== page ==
Socket parity refers to the comparison in price between rooftop solar power to the cost of grid-powered electricity. As one of the first countries to reach socket parity, Australian solar PV has continued to decrease in price. According to a One Step Off the Grid article, the Australian solar market shows no signs of slowing down. Here's an excerpt:
Australia was one of the first countries in the world to reach grid or socket parity – thanks to its high electricity prices (largely due to soaring network costs), and its excellent sunshine. There are now nearly 100 countries that have reached the same benchmark.
But Australia has not just reached socket parity, it has smashed it. In most cities in Australia, the cost of rooftop solar is now less than half the price of grid-based power. Indeed, even some utilities offer to install rooftop solar on your roof for free, and charge only 11c/kWh for the output.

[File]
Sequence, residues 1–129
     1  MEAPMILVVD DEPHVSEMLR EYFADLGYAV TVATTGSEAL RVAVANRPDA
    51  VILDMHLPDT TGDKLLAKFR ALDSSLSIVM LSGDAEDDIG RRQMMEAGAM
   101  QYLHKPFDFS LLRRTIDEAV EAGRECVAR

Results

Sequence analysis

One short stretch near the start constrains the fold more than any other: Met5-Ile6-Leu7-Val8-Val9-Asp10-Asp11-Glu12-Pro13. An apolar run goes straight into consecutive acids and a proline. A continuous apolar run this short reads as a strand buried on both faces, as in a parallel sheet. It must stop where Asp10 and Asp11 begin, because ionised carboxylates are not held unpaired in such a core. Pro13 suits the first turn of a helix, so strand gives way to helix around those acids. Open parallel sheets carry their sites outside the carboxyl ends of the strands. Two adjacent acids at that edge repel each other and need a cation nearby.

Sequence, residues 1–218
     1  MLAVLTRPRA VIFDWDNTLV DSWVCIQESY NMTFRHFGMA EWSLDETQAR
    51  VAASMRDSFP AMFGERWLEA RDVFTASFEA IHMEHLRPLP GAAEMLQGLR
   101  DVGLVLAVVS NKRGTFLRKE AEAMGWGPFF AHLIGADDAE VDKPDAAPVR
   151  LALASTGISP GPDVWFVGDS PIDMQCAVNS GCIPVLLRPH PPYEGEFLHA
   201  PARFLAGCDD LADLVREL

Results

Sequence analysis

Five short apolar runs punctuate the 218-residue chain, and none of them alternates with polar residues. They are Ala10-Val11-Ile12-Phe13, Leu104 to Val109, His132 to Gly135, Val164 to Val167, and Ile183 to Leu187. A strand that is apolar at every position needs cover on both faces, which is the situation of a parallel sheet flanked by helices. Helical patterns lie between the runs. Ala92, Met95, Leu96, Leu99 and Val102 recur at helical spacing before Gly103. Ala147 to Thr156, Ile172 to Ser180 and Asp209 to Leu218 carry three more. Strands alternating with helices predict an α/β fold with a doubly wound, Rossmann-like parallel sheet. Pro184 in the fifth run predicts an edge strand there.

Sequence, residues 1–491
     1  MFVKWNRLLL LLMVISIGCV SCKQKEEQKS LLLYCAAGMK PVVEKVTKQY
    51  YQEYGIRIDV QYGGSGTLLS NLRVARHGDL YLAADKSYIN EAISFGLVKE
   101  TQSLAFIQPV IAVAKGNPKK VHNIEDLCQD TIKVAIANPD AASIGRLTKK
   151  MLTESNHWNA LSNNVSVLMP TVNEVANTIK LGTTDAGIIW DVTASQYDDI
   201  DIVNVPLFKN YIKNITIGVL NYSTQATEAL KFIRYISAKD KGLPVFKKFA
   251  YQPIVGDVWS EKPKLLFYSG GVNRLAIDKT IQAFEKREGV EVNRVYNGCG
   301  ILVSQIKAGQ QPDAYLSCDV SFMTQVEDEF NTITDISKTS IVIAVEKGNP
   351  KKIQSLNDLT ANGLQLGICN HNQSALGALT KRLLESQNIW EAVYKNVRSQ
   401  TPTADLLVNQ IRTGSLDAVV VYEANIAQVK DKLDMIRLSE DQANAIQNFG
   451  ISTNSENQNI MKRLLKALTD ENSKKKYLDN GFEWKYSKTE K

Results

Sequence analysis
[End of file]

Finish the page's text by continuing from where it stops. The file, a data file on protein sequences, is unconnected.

A new report from Beyond Zero Emissions, which recommends Australia set a path to 100 per cent renewable energy, highlights those cost differences...
Solar is just one third the cost of the grid, and that is after a subsidy to the fossil fuelled-grid of more than $500 a household. Without that, grid prices would be at least 25 per cent higher.
Little wonder, then, that the local grid operator predicts that within 10 years nearly every home in Perth could have rooftop solar, and its energy minister says rooftop solar is not just the future, but it could provide 100 per cent of daytime demand by 2025.
The same is predicted for Adelaide, which because of that city’s excellent sun and high energy costs, is the next best city, with solar costing just 40 per cent of grid power. Hobart and Canberra rank the worst, presumably because of their limited solar resources, but still come in one third cheaper than the grid.